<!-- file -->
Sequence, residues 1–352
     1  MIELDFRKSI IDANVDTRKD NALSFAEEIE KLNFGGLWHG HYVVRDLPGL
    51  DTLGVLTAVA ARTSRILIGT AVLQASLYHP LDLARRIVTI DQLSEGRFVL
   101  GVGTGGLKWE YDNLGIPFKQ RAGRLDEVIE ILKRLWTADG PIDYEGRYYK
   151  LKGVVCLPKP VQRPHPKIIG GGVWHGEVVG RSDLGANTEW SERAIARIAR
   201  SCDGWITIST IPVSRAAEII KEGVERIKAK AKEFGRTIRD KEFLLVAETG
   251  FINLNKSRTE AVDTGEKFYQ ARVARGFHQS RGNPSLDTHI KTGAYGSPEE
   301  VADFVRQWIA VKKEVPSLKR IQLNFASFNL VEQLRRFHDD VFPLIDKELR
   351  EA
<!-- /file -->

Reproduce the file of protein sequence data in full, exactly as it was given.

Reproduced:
Sequence, residues 1–352
     1  MIELDFRKSI IDANVDTRKD NALSFAEEIE KLNFGGLWHG HYVVRDLPGL
    51  DTLGVLTAVA ARTSRILIGT AVLQASLYHP LDLARRIVTI DQLSEGRFVL
   101  GVGTGGLKWE YDNLGIPFKQ RAGRLDEVIE ILKRLWTADG PIDYEGRYYK
   151  LKGVVCLPKP VQRPHPKIIG GGVWHGEVVG RSDLGANTEW SERAIARIAR
   201  SCDGWITIST IPVSRAAEII KEGVERIKAK AKEFGRTIRD KEFLLVAETG
   251  FINLNKSRTE AVDTGEKFYQ ARVARGFHQS RGNPSLDTHI KTGAYGSPEE
   301  VADFVRQWIA VKKEVPSLKR IQLNFASFNL VEQLRRFHDD VFPLIDKELR
   351  EA